Berk:  BP Lab’s work is focused around three core areas: research, training, and collaboration and service. Our goal for research is to address knowledge gaps in the high-performance building market, as identified by our industry partners and guided by the Building Performance Stakeholder Consortium. Most recently, our research has been focused along two major tracks: Building Automation Systems, including collaborations with Johnson Controls and Pacific Northwest National Laboratory (PNNL); and energy data analysis, in the context of measurement and verification of retrofit projects for NYC facilities through the Department of Citywide Administrative Services (DCAS).

Our training initiatives address long-term workforce development through curriculum development, internships, and other technology training. BP Lab capitalizes on CUNY’s ability to deliver education and training to multiple audiences: degree programs for students in engineering, sustainability and related disciplines; and continuing education for practicing engineers, operators and real estate professionals. Our internship program gives students exposure to the many professional pathways presented by advanced energy management; while our commercial building training emphasizes the nationally-recognized Building Operator Certification, PNNL’s Building Re-Tuning (BRT) protocol, and other related programs. Our courses are offered via DCAS’s Energy Management Institute, in partnership with the CUNY School of Professional Studies, as well as through other public and private channels. In addition, we collaborated on the development of Advanced Energy Performance, an online, NYS-accredited program that equips commercial real estate asset managers with the knowledge and skills needed to make long-term, asset-based energy decisions.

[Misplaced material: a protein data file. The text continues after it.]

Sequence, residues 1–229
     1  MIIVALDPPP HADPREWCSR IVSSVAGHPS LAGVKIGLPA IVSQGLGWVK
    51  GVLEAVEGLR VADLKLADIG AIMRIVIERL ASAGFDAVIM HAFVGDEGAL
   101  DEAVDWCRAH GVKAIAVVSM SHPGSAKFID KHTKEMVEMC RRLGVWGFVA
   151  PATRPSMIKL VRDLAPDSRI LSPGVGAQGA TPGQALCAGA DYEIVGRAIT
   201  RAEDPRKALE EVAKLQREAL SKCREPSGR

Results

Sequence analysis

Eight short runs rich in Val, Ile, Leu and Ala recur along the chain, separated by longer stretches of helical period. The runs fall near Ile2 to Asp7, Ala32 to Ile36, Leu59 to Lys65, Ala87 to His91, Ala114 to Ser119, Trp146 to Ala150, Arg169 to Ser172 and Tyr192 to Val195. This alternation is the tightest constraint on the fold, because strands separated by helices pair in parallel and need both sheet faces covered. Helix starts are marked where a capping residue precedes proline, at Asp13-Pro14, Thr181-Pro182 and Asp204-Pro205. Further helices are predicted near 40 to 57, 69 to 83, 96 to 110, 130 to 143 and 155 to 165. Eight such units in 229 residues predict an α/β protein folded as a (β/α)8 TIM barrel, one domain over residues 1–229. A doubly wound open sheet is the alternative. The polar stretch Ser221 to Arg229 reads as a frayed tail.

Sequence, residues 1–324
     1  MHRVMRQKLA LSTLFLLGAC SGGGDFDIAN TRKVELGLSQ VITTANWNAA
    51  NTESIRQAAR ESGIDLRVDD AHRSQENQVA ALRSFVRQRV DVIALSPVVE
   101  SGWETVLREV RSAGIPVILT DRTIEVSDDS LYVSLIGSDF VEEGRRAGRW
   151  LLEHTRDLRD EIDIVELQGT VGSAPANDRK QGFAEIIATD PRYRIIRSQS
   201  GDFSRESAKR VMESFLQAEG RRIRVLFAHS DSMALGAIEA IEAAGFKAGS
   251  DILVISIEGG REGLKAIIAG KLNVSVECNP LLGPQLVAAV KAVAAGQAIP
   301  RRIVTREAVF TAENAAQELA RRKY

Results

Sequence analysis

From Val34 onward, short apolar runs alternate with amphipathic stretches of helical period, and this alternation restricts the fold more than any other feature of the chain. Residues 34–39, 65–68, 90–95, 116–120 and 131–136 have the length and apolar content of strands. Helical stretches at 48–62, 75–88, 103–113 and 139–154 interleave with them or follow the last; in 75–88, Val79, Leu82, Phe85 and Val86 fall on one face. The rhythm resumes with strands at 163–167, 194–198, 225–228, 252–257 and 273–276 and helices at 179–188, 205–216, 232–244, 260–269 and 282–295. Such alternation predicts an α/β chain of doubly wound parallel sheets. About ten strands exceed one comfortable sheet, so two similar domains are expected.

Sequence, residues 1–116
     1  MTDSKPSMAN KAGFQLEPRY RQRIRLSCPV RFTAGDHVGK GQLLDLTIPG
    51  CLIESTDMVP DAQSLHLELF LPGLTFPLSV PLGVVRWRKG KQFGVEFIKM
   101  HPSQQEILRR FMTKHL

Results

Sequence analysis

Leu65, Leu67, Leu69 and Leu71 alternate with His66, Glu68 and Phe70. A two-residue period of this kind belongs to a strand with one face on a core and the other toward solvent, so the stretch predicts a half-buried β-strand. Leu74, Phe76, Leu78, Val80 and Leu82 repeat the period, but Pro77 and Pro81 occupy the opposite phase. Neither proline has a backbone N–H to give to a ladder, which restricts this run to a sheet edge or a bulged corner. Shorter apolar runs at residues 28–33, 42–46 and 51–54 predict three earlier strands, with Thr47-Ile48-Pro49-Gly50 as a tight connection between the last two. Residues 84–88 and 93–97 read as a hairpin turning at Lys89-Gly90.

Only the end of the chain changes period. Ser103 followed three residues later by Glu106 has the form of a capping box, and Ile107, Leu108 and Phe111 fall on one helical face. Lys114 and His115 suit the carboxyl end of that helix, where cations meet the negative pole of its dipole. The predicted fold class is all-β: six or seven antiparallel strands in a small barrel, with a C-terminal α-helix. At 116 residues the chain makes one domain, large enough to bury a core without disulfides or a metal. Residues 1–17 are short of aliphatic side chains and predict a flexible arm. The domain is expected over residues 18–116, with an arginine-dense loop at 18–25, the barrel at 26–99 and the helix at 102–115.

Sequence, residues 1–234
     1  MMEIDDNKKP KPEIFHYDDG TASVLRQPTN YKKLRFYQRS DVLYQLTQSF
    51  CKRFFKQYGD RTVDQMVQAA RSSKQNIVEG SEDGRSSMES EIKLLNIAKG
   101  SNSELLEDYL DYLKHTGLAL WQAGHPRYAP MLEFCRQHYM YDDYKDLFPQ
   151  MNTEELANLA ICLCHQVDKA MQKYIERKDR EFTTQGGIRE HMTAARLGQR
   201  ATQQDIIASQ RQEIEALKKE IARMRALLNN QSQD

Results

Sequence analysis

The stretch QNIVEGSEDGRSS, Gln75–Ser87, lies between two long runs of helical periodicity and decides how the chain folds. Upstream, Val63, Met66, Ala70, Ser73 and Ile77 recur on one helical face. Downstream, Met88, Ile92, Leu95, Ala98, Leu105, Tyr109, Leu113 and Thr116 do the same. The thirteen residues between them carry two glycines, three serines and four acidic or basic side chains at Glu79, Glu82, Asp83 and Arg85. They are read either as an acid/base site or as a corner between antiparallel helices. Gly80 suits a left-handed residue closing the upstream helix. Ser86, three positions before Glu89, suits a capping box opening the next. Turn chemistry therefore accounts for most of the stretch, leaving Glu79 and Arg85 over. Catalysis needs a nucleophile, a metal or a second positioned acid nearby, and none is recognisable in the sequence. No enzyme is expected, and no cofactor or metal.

At the core of our mission is building and maintaining strong relationships with like-minded entities in the public and private sectors. To this end, BP Lab has partnered with governmental agencies (e.g. the City of New York), nationally-based organizations (e.g. ASHRAE, ACEEE), educational institutions (e.g. University of North Carolina at Charlotte, Carnegie Mellon), and industry leaders (e.g. Johnson Controls, Vornado Realty Trust) on a range of collaborative initiatives that address issues such as resiliency, acceleration of new technology, building efficiency, and integrated building design and development.

SinclairCan you elaborate on your research with building automation systems?

Berk:  We are currently working on a number of overlapping BAS-related research projects, some of which include an explicit training component. For example, we are engaged in multiple projects that involve PNNL’s Building Re-Tuning protocol, with support from NIST and the NYC Department of Education. BRT is a methodology for using building data drawn from a BAS to identify and troubleshoot energy-related faults in building system operation. Using this technique, which emphasizes the graphical interpretation of large amounts of trend log data, an operator can implement an ongoing commissioning process resulting in energy use reductions of 5-20%.